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PR- 330-06
September 14, 2006


Report Reflects Continued Strong Performance at the Start of the Mayor’s Second Term

Mayor Michael R. Bloomberg today released the Mayor’s Management Report (MMR) for Fiscal Year 2006.  The MMR provides an overview of City agency performance in delivering a wide range of services, and sets expected levels of service for Fiscal 2007.  The report shows continued strong performance in the delivery of City services.  Vital services were largely maintained or improved during the reporting period, and targeted service levels remain at or above the previous year’s goals.

“The overview of service delivery performance contained in this report shows that City government is capable of continuing the strong record of achievement seen over the past four years, and of achieving new milestones in providing quality public education, ensuring our citizens’ safety, enhancing the quality of life, and helping to improve the health and prosperity of New Yorkers,” said Mayor Bloomberg.  “The Mayor’s Management Report continues to document the City’s ability to deliver effective and efficient government services.”

In addition to agency performance statistics, the MMR shows information generated by the 311 Citizen Service Center.  311 has transformed the way City residents interact with government.  Calls to 311 rose to more than 14 million, a 14% increase, during Fiscal 2006 compared with the previous year.  311 was a critical tool for New Yorkers in coping with the transit strike and record snowstorm during Fiscal 2006.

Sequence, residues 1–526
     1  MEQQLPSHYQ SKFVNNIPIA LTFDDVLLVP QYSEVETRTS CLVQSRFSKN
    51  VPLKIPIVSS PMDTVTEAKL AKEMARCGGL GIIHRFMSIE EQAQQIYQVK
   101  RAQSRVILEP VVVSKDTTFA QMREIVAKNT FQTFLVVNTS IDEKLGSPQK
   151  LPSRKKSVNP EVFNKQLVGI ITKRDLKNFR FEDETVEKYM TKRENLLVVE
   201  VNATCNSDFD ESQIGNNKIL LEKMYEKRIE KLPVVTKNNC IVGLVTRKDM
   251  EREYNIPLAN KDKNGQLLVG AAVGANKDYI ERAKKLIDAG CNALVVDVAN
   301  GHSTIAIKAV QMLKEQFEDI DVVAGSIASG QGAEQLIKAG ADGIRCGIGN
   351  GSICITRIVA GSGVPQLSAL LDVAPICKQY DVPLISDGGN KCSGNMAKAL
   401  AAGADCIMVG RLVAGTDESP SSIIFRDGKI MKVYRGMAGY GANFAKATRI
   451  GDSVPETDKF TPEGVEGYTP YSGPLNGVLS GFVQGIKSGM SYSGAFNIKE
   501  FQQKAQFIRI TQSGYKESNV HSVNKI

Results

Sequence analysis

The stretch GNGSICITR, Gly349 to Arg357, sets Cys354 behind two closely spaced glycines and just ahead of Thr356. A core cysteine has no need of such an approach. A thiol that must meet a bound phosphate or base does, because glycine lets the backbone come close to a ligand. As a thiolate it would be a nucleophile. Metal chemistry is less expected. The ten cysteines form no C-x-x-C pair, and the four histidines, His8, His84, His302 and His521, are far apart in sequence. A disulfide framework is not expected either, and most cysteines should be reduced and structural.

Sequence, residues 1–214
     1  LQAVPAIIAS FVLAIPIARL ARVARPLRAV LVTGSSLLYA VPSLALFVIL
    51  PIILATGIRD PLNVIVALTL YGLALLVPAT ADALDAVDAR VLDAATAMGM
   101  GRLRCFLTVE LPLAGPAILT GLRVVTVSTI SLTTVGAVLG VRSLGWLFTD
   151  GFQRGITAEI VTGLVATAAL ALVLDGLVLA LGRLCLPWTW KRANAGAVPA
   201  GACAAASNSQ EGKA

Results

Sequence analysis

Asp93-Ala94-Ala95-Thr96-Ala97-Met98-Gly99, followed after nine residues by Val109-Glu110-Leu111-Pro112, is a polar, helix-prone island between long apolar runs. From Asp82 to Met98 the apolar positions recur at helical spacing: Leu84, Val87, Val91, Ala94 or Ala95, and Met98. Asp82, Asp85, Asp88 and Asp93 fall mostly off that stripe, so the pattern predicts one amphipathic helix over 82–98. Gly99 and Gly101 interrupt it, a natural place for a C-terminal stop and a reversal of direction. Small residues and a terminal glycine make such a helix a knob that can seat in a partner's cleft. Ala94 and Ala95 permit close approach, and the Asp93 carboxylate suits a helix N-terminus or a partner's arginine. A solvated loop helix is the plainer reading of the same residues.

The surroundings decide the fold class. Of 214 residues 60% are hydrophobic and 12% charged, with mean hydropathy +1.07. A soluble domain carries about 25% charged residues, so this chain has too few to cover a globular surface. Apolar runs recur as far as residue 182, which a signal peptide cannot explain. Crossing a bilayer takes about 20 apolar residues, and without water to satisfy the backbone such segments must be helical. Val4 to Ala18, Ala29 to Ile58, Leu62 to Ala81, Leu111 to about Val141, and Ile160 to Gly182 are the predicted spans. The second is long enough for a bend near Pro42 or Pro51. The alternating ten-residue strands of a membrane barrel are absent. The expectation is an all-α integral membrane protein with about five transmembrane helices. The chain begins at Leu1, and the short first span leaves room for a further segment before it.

The following highlights some of the information about agency performance in the Fiscal 2006 MMR.  Unless otherwise noted, the trends described below compare Fiscal 2005 (July 2004 through June 2005) with Fiscal 2006 (July 2005 through June 2006).

Public Safety

  • New York continues to be the safest large City in America: Major felony crime decreased for the 15th consecutive fiscal year, dropping by 5% from 136,491 in Fiscal 2005 to 130,093 in Fiscal 2006.  Based on preliminary FBI crime statistics for Calendar 2005, New York City remains the safest large city, with the lowest rate of crime among the 10 largest U.S. cities.
  • Homicides increased, but remain below 600: Reports of murder and non-negligent manslaughter increased from 537 in Fiscal 2005 to 564 in Fiscal 2006.  For the fourth consecutive fiscal year, there were fewer than 600 murders in New York City.
  • Major felony crime decreased in subways and public housing: Major felony crime in the transit system fell by 20%, from 3,383 in Fiscal 2005 to 2,709 in Fiscal 2006.  Major felony crime in public housing developments decreased again, from 5,112 in Fiscal 2005 to 5,005 in Fiscal 2006.